For those MedTech innovations sold or exported into Europe, the path to regulatory approval has grown much longer and more complex. A thorough and comprehensive set of standards, known as the Medical Device Regulation (MDR), has replaced a much less stringent set of guidelines, known as the Medical Device Directive (MDD). MDR is four times longer than MDD with a host of new classifications, and it sets high expectations for more demanding data collection and more rigorous post-market follow-up.

What does this mean? This means it is time for your regulatory strategies to progress into the future, and accomplishing that requires polished medical writing coupled with a comprehensive understanding of a changing industry. Failing to collect the right measurements ahead of time can leave gaps in your data down the road, and 90% of all reclassifications result in a costly regulatory review. Avoiding this fate is no easy task, especially since MDR has more exacting post-market clinical follow-up (PMCF) requirements and a longer, more nuanced list of classifications. In response, your medical writing must confront the MDR evolution and the three new realities of MedTech regulation.

1. A New Framework

There are 22 device classification rules under MDR, while there were only 18 under MDD.

Fundamentally, MDD and MDR are two very different types of laws. MDD is a simple outline of regulatory goals under which European countries may decide on their own how to achieve those goals through legislation. MDR is quite different, as it is a binding legislative act applied throughout Europe, and it ushers in a new framework for the defined risks and classification of each device.

Most notably, MDR begins by redefining the term “medical device” and offering new or modified classifications that are better suited for the 21st century. MDR is designed to raise safety standards across the board and encourage collaboration and transparency throughout a product’s life cycle. In doing so, it establishes a new framework for successful medical writing and the future of MedTech regulation.

  • The word “safety” appears 290 times in MDR, as opposed to only 40 times in MDD
  • A new class of “reusable instruments” has been established for future reprocessing efforts
  • Software can now be considered a Class III device if it can irreversibly impact a patient’s health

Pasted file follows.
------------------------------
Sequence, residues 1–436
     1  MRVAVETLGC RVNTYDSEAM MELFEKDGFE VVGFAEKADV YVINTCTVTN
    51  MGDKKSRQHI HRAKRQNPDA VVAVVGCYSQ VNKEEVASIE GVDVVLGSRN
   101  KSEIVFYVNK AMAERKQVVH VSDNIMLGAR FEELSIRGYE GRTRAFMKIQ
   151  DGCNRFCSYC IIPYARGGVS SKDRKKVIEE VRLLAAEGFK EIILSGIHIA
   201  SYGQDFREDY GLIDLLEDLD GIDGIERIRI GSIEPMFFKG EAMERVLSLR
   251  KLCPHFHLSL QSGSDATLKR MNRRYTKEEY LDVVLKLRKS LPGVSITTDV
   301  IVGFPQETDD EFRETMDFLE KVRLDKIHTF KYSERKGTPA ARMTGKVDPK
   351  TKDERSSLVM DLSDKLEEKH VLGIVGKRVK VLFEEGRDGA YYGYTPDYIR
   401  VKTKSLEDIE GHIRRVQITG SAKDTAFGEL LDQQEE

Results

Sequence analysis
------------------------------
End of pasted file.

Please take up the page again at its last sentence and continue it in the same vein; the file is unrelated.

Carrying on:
• IVDs are now classified into four risk classes that will require notified body review for about 90% of the devices, up from the current 10%

2. New Data Standards

MDR requires data for all indications and locations, even if they only account for a small percentage of use cases.

MDR standards demand you “know your data.” The MDR requirements for collecting data extend throughout the life cycle of the product, so it is imperative to be aware of any gaps or inconsistencies in your current data sets. Notified bodies are becoming increasingly strict in their assessment of medical writing, which means you must (a) already have the data you need, (b) have access to a specialist who can help you get it, or (c) face a costly delay as you slowly backtrack to fill in the gaps.

  • Equivalencies are especially difficult to achieve under MDR and often require the use of the same manufacturer
  • Unique Device Identification (UDI) will be implemented to help track devices throughout the supply chain
  • Manufacturers will need to report all incidents, injuries, and deaths into an EU portal that will centralize relevant data so that patients have access to more safety-related information

3. A New Proactive Approach

Data must be collected throughout the life cycle, and every device is now required to establish a PMS plan and PMCF protocols.

In an ideal world, you can confront these new standards before they become a problem for your studies. To do this, you must take an aggressive approach to your regulatory strategies and encourage a more proactive medical writing process with a focus on “knowing your data” and filling in the gaps from the very beginning. MDR requires deeper data at every level, which means that successful medical writing starts right now. To satisfy new data demands and shorten the path to market, your data collection must be comprehensive and ongoing, beginning with recruitment and exploration and continuing into complete post-market compliance.

  • Proactive MDR guidance comes from Ph.D.-level specialists, expert medical writers, and innovators in data management
  • Strategic documentation must now be kept continuously up to date, including the declaration of conformity, the summary of safety and clinical performance, and the clinical evaluation
  • Manufacturers must collect feedback from users and screen relevant scientific literature for post-market success

Evolve Your Medical Writing

The path to approval is changing, and MedTech innovations need more guidance than ever to be successful in a regulatory world that is prioritizing caution and redundancy. Your medical writing is a crucial component of your MDR success, and producing precise medical writing now requires you to understand a changing framework and proactively collect the data you need to be successful from the very beginning.

As such, MDR presents a formidable challenge to all except the most knowledgeable specialists and most seasoned medical writers. Is your company in need of more detailed insight into MDR expectations? Read our white paper on The MDR Difference. What does it take to evolve your medical writing to meet a new reality? It Takes Avania.

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